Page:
Marc Parent, president and chief executive of global training and simulator provider, CAE, can "walk the walk" when it comes to the products he sells. Parent regularly flies his own Piper Mirage single-engined aircraft solo in instrument conditions along the eastern seaboard of Canada and the USA, locations where the weather is anything but predictable and tame.
"Most of our customers are pilots," says Parent. "It rings close to them that you're living in their world."
CAE, under Parent's direction, is forging an expanded presence in that world, a move highlighted by its continued growth and recent acquisitions, undaunted by military cuts on the horizon.
The company earned $1.82 billion in revenue in the fiscal year ended March 31, up by nearly 12% from fiscal year 2011. The company's revenue is split 50/50 between the civilian and military sectors, with a 50/50 split between products and services within each sector. One-third of CAE's revenue comes from the US, a little less than one-third from Europe and the remainder from the rest of the world.
"We like the split," says Parent. "What we've been trying to do over the past few years is to broaden the revenue sources and diversify away from what CAE traditionally was - [a provider of] airline simulators. Now [airline simulators] is 20% of our revenue."
Parent says the military market has been strong but the commercial market is "very" strong.
"In contrast with what you read in the papers about the slowing in other markets, the world's airlines are still doing very well. Our [commercial] business - selling simulators and operating training centres - is very strong. The occupancy of those simulators for civil aviation is very, very high around the world."
CAE has 211 full-flight simulators in 42 civil training locations worldwide, serving approximately 3,500 airlines, aircraft operators and manufacturers. For its training business, one-third of the revenue comes from products like simulators and two-thirds from the operation of training centres.
The company in May acquired Oxford Aviation Academy, an aviation training provider with 40 flight simulators, four flight academies and a crew sourcing business (Parc Aviation) that provides 1,200 pilots and maintenance crew to 50 airlines and leasing companies in 40 countries, primarily in Asia. The acquisition boosts the capacity of CAE's in-house ab initio programmes from 900 cadets per year at eight schools to 1,500 per year at 12 schools.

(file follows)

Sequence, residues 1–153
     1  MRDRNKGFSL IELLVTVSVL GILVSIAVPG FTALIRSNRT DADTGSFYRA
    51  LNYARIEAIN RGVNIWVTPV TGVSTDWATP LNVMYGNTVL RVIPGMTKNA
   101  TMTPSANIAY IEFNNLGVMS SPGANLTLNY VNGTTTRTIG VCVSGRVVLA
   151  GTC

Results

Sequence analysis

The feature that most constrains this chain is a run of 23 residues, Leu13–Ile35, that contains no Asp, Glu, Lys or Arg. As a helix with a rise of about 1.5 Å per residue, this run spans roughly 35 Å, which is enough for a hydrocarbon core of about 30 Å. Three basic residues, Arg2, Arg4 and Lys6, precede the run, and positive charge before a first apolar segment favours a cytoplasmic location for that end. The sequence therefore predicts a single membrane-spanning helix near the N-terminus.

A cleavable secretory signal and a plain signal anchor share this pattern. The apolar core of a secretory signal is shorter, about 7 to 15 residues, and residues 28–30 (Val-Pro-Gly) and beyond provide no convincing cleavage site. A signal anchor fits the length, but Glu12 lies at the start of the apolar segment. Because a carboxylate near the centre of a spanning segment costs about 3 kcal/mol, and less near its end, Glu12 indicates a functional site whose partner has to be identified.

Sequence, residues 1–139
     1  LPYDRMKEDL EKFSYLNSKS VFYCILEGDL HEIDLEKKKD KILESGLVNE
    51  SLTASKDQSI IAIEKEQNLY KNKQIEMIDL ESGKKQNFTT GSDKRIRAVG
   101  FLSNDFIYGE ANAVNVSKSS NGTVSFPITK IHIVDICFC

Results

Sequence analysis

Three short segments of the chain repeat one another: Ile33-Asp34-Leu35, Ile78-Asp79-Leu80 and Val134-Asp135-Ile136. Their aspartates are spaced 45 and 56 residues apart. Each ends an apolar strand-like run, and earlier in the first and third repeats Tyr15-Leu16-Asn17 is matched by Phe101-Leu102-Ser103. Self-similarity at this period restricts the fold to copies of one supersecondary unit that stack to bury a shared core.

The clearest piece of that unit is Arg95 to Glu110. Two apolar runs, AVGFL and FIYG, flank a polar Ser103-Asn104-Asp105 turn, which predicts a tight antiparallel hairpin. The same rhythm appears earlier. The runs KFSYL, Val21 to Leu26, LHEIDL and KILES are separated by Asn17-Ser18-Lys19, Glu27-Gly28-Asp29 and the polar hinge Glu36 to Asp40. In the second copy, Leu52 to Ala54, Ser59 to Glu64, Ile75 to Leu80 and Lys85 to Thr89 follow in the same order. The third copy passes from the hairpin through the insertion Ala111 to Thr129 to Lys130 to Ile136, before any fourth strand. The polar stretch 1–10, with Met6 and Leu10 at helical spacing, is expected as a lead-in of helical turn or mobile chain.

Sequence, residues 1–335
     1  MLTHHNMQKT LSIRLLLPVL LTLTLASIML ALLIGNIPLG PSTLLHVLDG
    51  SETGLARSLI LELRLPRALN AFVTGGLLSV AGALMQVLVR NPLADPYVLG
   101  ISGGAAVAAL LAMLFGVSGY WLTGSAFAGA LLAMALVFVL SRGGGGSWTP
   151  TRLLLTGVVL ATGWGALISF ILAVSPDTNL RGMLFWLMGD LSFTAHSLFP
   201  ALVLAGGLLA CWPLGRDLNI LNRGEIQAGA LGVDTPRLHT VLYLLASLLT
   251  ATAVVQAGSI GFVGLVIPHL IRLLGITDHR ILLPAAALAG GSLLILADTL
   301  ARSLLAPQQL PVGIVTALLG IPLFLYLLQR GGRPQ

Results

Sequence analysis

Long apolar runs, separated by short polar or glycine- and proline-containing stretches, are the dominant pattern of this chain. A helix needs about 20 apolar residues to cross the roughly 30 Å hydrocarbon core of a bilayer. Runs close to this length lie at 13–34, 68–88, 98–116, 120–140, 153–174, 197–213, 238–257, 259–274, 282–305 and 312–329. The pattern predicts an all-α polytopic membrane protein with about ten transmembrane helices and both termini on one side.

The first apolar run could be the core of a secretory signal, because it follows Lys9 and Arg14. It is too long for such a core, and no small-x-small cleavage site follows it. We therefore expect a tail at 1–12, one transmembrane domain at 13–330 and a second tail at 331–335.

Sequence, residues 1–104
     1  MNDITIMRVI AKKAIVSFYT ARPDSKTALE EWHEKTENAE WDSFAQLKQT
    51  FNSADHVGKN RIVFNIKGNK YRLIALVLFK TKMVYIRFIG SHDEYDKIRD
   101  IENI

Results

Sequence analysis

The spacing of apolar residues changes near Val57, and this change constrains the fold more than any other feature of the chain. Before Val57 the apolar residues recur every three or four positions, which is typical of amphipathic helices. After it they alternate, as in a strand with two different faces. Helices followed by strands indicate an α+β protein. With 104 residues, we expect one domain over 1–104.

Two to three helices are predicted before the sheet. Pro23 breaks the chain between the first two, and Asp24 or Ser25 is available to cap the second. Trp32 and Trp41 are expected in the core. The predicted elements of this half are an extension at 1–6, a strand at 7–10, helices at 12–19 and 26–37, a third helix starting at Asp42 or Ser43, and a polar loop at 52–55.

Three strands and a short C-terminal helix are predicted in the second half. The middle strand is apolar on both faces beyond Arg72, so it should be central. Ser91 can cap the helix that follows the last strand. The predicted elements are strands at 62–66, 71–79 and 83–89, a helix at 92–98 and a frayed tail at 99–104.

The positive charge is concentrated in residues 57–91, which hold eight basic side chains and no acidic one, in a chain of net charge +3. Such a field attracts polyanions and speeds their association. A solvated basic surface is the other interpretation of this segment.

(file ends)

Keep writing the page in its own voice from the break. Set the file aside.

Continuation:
"What we gained with Oxford were three businesses," says Parent. "One was the same as ours - operating training centres - but in places where we are not, including Hong Kong, Stockholm and Oslo. A second business was the Oxford Aviation Academy, which has a strong brand in training cadets to be airline pilots. We already had the CAE Global Academy, but by combining the two, we have the undisputed largest network of [ab initio] flight schools in the world.
"We're creating pilots at a time when pilots are already in dire demand, especially in the Far East", says Parent, noting that the shortage could be as high as 20,000-25,000 pilots a year. "At the moment, the capacity that we have is about 2,000 cadets annually. I would be comfortable that you can increase that to 3,000 per year."
He says CAE is going to "see how the market plays out" in terms of how many pilots it seeks to supply through ab initio training. "I suspect other people will join in to provide the lift. We want to make sure the business will survive changes in demand."
Regarding the impact on the industry from cuts in military spending in the US and abroad, Parent says "nobody is immune", but for CAE, the issues are more related to delays in defence procurement.
"Our results show that for the financial year just finished end of March, we had a record year of order intake in the USA", says Parent, adding that there is strong military growth in other parts of the world as well, particularly in emerging markets. He notes that Brunei signed a $170 million contract for CAE to set up a helicopter training centre there.
Sequestration aside, Parent says declining budgets can mean increased simulation for readiness. "We firmly believe that simulation modelling has bright future in that environment - it saves costs," he says. "The reality is, it saves the wear and tear on the aircraft, and because of the operational tempo that aircraft have been put through in the past few years, the military cannot afford to use aircraft for training as much as they have in the past. The military in particular wants to not only train their aircrew - they want to rehearse the missions."
Rehearsals in turn drive technology requirements for realism, which can benefit the commercial side of the business in terms of findings. "At CAE, we continue to invest 10% of revenue on research and development every year to make sure we're at the forefront of making the virtual world very, very close to reality," says Parent.